We provide retail consumer financing to consumers who purchase our full-size manufactured homes and tiny houses and dealer incentive arrangements to encourage independent retailers to use our financing product. Under these arrangements, once a customer executes a home purchase agreement with Legacy financing, we pay to the retailer 80% of the retailer’s gross margin through these consignment arrangements and we retain 20% of the retail gross margins in the consignment portfolio. We transfer the consigned value of the home to the consignment portfolio as our contribution to the consignment arrangement. The retailer is obligated to remarket any repossessions associated with consignment transactions, and obtain 90% of the outstanding balance on the home at the time of repossession. We charge each dealer in the consignment arrangement fees for servicing the loans and receive a preferred return of 10% to 12% per annum for amounts we invest. Upon payback of our contribution, fees and preferred returns, we split the remaining balance with the independent retailer according to a negotiated formula which is accounted for as the dealer incentive liability. As of December 31, 2020, we owned 3,195 retail consumer loans with an average principal balance of $36,200. Our average remaining term on these loans as of December 31, 2020 was 149 months and the average percentage rate (APR) of interest was 13.8%. Our average loan-to-value (“LTV”) at the time of loan origination, which is based on the gross sales price to the borrower, was 84% for the consumer financing portfolio as of December 31, 2020. We have not financed, and have no current plans to finance, new homes manufactured by our competitors in the ordinary course of our business.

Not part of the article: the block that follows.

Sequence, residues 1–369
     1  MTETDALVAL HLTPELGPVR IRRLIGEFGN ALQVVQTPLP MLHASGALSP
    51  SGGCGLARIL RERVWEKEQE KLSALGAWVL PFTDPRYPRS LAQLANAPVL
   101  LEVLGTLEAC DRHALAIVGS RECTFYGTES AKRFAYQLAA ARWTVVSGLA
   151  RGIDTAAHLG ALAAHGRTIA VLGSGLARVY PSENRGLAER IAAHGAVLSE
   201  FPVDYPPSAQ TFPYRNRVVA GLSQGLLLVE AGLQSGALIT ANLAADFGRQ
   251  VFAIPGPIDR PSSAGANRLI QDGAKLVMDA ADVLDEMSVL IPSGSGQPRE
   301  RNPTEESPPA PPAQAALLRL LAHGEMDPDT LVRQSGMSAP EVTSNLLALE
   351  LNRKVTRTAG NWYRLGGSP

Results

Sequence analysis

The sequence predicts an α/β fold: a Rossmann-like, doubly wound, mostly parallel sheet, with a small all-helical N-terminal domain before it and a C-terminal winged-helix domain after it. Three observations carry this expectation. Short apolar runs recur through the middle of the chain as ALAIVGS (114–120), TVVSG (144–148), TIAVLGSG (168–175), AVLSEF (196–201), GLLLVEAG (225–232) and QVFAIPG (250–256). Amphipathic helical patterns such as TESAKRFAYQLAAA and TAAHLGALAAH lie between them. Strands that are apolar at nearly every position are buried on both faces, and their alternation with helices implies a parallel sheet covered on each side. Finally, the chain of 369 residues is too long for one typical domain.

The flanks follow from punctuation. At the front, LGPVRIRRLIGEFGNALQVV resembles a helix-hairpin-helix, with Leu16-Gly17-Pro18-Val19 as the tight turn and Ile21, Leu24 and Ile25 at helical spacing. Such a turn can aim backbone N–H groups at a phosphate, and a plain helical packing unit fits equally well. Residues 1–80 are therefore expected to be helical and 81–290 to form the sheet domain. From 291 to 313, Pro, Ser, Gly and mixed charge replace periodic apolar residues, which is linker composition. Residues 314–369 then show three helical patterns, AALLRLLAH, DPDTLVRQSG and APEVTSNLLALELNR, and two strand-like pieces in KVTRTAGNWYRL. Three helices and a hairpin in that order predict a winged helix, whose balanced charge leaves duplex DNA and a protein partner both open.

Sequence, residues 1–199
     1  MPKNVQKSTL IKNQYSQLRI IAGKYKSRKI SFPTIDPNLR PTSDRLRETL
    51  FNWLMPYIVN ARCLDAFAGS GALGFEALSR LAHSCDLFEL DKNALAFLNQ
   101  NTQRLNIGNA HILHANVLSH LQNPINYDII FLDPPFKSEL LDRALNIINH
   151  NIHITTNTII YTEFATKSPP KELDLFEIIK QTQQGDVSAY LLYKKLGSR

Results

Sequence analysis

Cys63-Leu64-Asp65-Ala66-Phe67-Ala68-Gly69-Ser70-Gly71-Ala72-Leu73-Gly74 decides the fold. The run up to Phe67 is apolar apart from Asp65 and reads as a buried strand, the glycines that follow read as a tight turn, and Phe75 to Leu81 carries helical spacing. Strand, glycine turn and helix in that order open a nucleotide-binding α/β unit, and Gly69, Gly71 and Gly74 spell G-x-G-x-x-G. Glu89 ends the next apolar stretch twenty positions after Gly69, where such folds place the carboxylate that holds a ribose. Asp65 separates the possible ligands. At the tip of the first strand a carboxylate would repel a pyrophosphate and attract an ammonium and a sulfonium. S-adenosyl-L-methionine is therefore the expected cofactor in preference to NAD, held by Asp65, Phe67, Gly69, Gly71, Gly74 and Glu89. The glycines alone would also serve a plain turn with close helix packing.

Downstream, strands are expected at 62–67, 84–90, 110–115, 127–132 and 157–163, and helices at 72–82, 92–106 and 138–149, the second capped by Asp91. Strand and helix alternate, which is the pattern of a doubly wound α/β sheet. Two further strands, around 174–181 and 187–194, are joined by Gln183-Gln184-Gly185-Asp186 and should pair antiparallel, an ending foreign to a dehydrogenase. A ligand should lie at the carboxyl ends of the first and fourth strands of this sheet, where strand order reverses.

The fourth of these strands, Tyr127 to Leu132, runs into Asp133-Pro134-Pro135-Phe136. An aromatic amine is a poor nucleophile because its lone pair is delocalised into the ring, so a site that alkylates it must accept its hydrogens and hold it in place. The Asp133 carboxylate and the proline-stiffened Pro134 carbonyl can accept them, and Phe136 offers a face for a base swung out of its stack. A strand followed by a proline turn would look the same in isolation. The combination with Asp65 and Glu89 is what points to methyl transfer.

All loan applications go through an underwriting process conducted at our corporate headquarters to evaluate credit risk that takes into account numerous factors including the down payment, FICO score, monthly income, and total housing payment coverage of the borrower. The interest rates on approved loans are determined by a buyer’s credit score and down payment amount. We use payment history to monitor the credit quality of the consumer loans on an ongoing basis.

Manufactured Housing Community Financing. We provide financing to owners of manufactured housing communities for our products that they buy in order to rent to their residents. These loans generally have a ten-year term and can have a fixed or variable interest rate. Approximately 80% of the these loans have a fixed interest rate ranging from 5.0% to 17.5%. The remaining loans bear interest at the prime rate plus 4%, with a floor and a ceiling. Down payments, delivery expenses and installation expenses are negotiated on a case-by-case basis. As of December 31, 2020 and 2019, loans outstanding from manufactured home communities totaled $136,340,000 and $92,344,000, which comprised 589 and 405 loans, respectively. Our average remaining term on these loans as of December 31, 2020 and 2019 was approximately six years.

We also make loans to community owners for the purpose of acquiring or developing properties and, as part of the arrangement, these community owners contract to buy homes from us. These loans typically range in term from two to five years and carry interest at 6.5% to 12.0%. For the year ended December 31, 2020, we originated loans to owners of manufactured home communities for lot development purposes with a total amount outstanding of $14,686,000.

Competition

The manufactured housing industry is highly competitive at both the manufacturing and retail levels, with competition based upon several factors, including price, product features, reputation for service and quality, depth of distribution, promotion, merchandising and the terms of retail and wholesale consumer financing. We compete with other producers of manufactured homes and new producers continue to enter the market. We also compete with companies offering for sale homes repossessed from wholesalers or consumers and we compete with new and existing site-built homes, as well as apartments, townhouses and condominiums.

In addition to our company, there are a number of other national manufacturers competing for a significant share of the manufactured housing market in the United States, including Clayton Homes, Inc., Cavco Industries, Inc. and Skyline Champion Corporation. Certain of these competitors possess greater financial, manufacturing, distribution and marketing resources than we do. For the past 16 years, the industry has experienced a trend towards consolidation and, as a result, the bulk of the market share is controlled by a small number of companies. We are the country’s fourth